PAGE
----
By John Pomfret
Saturday, November 20, 2010; A06
North Korea is building a new nuclear reactor, experts say, raising fears that the facility could be used to enhance the country's nuclear weapons program.
New satellite imagery obtained by the Institute for Science and International Security (ISIS) and information gleaned by U.S. experts on a recent visit to North Korea indicate that the government of Kim Jong Il is building a light-water nuclear reactor at the Yongbyon nuclear facility.
The facility had been at the center of the country's plutonium program before Pyongyang abandoned it in 1994. Now experts are concerned that the program has been resumed.
Although light-water reactors are generally used to produce electricity, the North Korean facility could be employed to make nuclear-weapons-grade plutonium, especially if the government is undertaking a parallel program to enrich uranium, according to David Albright, director of ISIS.
ISIS reported in October that North Korea "has moved beyond laboratory-scale work" and is capable of building a "pilot plant" of centrifuges to enrich uranium.
The Obama administration has declined to conduct negotiations with North Korea over its nuclear weapons program. In May 2009, less than six months after President Obama took office, North Korea conducted its second test of a nuclear device, hardening Washington's resolve not to speak with the North. In March of this year, North Korea's military is widely believed to have torpedoed a South Korean warship, killing 46 sailors, further setting back the possibility of talks.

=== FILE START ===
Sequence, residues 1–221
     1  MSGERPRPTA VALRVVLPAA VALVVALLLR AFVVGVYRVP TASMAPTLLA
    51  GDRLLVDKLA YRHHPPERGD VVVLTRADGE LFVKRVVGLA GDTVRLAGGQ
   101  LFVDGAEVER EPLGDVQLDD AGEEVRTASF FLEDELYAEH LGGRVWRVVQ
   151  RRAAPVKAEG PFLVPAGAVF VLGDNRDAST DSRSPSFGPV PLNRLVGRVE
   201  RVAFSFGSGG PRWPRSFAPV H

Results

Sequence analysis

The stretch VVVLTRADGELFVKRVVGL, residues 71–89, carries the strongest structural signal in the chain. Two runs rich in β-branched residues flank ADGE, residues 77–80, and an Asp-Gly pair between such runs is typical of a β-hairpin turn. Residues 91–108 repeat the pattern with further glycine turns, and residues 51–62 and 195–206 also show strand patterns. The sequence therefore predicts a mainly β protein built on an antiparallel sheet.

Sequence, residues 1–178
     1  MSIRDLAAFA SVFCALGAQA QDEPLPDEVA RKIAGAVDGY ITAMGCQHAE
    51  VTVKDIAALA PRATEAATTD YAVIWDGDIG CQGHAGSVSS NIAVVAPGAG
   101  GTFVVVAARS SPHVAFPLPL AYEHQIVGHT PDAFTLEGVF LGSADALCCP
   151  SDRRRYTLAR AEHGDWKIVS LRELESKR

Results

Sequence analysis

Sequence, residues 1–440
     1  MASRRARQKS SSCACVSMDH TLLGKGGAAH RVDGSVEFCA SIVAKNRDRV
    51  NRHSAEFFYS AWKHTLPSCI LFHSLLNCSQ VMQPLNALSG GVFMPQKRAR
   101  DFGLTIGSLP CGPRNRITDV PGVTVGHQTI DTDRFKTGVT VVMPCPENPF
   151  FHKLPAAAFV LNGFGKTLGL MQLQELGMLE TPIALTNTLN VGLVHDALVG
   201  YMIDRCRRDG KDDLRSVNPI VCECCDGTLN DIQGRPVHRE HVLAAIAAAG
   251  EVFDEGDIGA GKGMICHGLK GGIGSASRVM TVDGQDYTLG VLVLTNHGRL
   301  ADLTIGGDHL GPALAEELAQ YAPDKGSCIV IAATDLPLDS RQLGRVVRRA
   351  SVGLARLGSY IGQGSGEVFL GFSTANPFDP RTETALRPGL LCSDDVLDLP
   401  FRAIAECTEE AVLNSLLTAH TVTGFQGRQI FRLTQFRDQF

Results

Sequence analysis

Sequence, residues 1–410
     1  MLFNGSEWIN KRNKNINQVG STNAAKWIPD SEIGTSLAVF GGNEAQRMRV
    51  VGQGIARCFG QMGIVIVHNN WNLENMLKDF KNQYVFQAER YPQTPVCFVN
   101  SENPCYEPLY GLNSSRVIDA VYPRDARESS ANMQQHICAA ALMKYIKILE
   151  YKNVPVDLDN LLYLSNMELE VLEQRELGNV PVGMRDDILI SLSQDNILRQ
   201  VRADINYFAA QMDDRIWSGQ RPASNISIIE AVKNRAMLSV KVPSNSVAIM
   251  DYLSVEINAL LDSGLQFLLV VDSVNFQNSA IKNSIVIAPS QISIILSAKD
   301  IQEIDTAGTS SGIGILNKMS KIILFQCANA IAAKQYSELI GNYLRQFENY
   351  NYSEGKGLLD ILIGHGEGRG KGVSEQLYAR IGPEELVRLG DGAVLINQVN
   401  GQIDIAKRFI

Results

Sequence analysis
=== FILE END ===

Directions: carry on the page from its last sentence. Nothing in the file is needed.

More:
There has been a thaw in recent months. South Korea and North Korea have taken tentative steps to reopen ties after the sinking of the warship, the Cheonan. The South has provided the North with food aid. Some families, separated during the Korean War, have been allowed to meet.
China, North Korea's biggest ally, has also advocated a resumption of talks, arguing that isolating the North only invites irresponsible behavior. Some in the Obama administration have said they agree with China's position.
During a trip to North Korea this month, Charles L. Pritchard, a former special envoy for negotiations with the country, was told by officials there that they were building an experimental light-water reactor. One stop on the tour was the Yongbyon site.
Pritchard, now president of the Korea Economic Institute, made the trip with other U.S. experts on North Korea, including Siegfried Hecker, emeritus director of the Los Alamos Nuclear Laboratory, who has visited North Korea numerous times.
"The new construction seen in the satellite imagery is indeed the construction of the experimental light water reactor," the security institute has quoted Hecker as saying.
Hecker and other U.S. experts are scheduled to give a presentation on their findings Tuesday in Washington at the Korea Economic Institute.